I recently received a report from a specialist which included the following gem:

“I do not think that there is any specific medical contraindication to his undergoing whatever rigorous physiotherapy programme is planned for him, although by the same token I am not all that enthusiastic about physiotherapy in these situations: my opinion is that physiotherapy simply helps to pass the time and I cannot really understand what good it is meant to be doing. However…that..opinion does not sit comfortably with the ACC’s and patient’s enthusiasm for having their bodies tweaked and pummeled at great expense in the name of ‘rehabilitation’.”

The phrase “great expense” is important. There are so many treatment providers with their snouts in the ACC trough that treatment costs have become excessive. These treatment providers have developed a beneficiary mentality and whenever ACC attempts to control or restrict treatment practices there are indignant protests.

ACC reforms mean that patients can go to a treatment provider and register a claim and have treatment. If they need time off work this can only be provided by a doctor. The ‘gate keeper’ function of the doctor has been lost. I heard of two recent examples of how people can be harmed by this practice.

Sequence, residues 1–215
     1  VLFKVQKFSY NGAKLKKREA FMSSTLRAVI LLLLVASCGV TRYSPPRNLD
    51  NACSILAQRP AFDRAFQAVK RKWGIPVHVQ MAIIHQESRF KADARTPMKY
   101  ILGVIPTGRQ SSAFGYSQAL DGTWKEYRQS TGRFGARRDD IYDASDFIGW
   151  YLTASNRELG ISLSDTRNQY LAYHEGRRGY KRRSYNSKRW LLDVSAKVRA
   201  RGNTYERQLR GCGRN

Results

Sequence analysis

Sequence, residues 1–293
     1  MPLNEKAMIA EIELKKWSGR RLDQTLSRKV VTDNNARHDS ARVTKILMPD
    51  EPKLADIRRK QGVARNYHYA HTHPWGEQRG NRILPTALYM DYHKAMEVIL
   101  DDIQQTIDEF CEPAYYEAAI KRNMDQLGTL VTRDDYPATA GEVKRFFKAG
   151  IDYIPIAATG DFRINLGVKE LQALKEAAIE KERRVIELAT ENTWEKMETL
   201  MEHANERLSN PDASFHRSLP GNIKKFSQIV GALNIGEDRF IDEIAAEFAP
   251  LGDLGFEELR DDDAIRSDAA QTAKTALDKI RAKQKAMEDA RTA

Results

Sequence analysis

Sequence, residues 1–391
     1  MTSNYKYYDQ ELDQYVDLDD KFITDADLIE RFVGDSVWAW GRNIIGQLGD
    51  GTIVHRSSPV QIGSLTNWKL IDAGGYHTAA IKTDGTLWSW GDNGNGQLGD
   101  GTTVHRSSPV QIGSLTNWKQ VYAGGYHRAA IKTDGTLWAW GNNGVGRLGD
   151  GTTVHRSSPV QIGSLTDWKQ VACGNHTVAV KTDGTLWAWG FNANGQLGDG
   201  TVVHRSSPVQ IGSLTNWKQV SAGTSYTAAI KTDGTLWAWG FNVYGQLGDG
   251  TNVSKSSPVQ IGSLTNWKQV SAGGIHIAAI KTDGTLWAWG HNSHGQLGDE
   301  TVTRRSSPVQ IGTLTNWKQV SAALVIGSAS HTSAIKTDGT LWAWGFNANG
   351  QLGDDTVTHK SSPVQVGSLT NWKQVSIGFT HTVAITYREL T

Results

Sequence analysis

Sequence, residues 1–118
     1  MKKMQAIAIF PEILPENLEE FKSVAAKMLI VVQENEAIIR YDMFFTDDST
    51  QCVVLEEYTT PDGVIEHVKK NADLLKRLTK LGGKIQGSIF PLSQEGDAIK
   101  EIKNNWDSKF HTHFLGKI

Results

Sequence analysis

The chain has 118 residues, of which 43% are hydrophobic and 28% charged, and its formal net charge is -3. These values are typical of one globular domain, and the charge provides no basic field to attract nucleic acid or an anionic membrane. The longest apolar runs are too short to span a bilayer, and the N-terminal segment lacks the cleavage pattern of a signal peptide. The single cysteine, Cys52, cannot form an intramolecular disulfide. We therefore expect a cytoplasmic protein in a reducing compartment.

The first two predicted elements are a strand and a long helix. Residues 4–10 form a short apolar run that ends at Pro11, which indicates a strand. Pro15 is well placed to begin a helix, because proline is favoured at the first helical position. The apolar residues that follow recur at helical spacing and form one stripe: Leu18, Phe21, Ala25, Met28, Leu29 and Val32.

An osteopath gave a maximal number of treatments to a patient who was eventually diagnosed as having a complete rupture of the rotator cuff muscles of the shoulder. Osteopathic treatment is completely useless for this injury. In fact there is no published evidence showing that it works for any injury.

In the other case a 15-year-old child was treated by a physiotherapist for some time for a sore leg and was eventually diagnosed with bone cancer.

Hokum Locum

Debunking debriefing